Foreign correspondent Neely Tucker and his wife, Vita,
arrived in Zimbabwe in 1997. After witnessing firsthand the devastating
consequences of AIDS on the population, especially the children, the couple
started volunteering at an orphanage that was desperately underfunded and
short-staffed. One afternoon, a critically ill infant was brought to the
orphanage from a village outside the city. She’d been left to die in a field on
the day she was born, abandoned in the tall brown grass that covers the
highlands of Zimbabwe in the dry season. After a near-death hospital stay, and
under strict doctor’s orders, the ailing child was entrusted to the care of
Tucker and Vita. Within weeks Chipo, the girl-child whose name means gift,
would come to mean everything to them.
Still an active correspondent, Tucker crisscrossed the
continent, filing stories about the uprisings in the Congo, the civil war in
Sierra Leone, and the post-genocidal conflict in Rwanda. He witnessed
heartbreaking scenes of devastation and violence, steeling him further to take
a personal role in helping anywhere he could. At home in Harare, Vita was
nursing Chipo back to health. Soon she and Tucker decided to alter their lives
forever—they would adopt Chipo. That decision challenged an unspoken social
norm—that foreigners should never adopt Zimbabwean children.
Raised in rural Mississippi in the sixties and seventies,
Tucker was familiar with the mores associated with and dictated by race. His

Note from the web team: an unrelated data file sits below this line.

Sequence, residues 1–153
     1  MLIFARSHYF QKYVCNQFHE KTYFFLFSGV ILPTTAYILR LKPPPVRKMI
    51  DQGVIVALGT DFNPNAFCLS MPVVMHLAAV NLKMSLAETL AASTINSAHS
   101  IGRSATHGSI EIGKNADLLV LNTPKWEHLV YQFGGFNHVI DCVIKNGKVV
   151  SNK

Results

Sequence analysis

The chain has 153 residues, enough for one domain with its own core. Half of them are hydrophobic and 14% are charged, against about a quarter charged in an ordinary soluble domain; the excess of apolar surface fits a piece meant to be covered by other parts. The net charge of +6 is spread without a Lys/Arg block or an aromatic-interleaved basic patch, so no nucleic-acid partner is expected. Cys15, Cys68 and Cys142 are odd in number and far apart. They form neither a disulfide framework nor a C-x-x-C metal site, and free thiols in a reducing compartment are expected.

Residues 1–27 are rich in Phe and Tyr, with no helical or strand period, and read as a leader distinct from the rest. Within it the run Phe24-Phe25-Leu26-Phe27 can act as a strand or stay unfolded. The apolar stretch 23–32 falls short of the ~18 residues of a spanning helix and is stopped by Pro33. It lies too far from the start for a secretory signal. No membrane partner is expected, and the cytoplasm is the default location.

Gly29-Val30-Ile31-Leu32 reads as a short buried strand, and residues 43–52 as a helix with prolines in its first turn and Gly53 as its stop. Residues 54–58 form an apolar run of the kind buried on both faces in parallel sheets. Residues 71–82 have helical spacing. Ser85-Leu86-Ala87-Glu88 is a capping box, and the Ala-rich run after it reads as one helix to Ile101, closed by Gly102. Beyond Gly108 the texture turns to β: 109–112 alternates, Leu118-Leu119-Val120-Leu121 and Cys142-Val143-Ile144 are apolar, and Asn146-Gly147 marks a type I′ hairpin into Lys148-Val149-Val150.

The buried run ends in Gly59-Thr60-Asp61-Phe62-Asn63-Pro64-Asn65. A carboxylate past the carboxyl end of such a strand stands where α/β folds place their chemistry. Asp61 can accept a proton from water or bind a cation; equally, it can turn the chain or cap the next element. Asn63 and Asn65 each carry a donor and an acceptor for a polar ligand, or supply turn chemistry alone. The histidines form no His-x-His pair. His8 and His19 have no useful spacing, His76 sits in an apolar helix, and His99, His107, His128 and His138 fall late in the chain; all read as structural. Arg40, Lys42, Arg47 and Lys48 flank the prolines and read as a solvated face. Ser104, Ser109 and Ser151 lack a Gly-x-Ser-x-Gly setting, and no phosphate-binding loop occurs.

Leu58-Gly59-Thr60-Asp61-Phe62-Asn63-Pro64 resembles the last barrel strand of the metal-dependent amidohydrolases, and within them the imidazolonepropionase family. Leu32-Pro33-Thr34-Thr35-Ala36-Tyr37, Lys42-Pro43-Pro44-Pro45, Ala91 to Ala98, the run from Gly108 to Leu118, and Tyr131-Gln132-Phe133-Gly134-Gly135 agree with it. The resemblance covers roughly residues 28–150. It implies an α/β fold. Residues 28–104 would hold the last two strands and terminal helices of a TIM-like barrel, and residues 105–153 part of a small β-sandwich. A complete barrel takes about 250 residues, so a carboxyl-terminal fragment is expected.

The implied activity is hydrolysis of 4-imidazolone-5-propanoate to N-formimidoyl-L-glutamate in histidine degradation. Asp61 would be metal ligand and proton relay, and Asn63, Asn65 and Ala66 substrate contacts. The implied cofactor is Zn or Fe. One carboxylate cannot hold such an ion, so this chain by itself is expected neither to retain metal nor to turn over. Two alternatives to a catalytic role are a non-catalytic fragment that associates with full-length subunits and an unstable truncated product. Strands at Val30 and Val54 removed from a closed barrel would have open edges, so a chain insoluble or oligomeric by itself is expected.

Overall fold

wife, a savvy black woman whose father escaped the Jim Crow South for a new
life in the industrial North, would not be deterred in her resolve to welcome Chipo
into their loving family.
As if their situation wasn’t tenuous enough, Zimbabwe
President Robert Mugabe was stirring up national fervor against foreigners,
especially journalists, abroad and at home. At its peak, his antagonizing
branded all foreign journalists personae non grata. For Tucker, the only
full-time American correspondent in Zimbabwe, the declaration was a direct
threat to his life and his wife’s safety, and an ultimatum to their decision to
adopt the child who had already become their only daughter.
Against a background of war, terrorism, disease, and
unbearable uncertainty about the future, Chipo’s story emerges as an inspiring
testament to the miracles that love—and dogged determination—can sometimes
achieve. Gripping, heartbreaking, and triumphant, this family memoir will
resonate throughout the ages. Download and start listening now!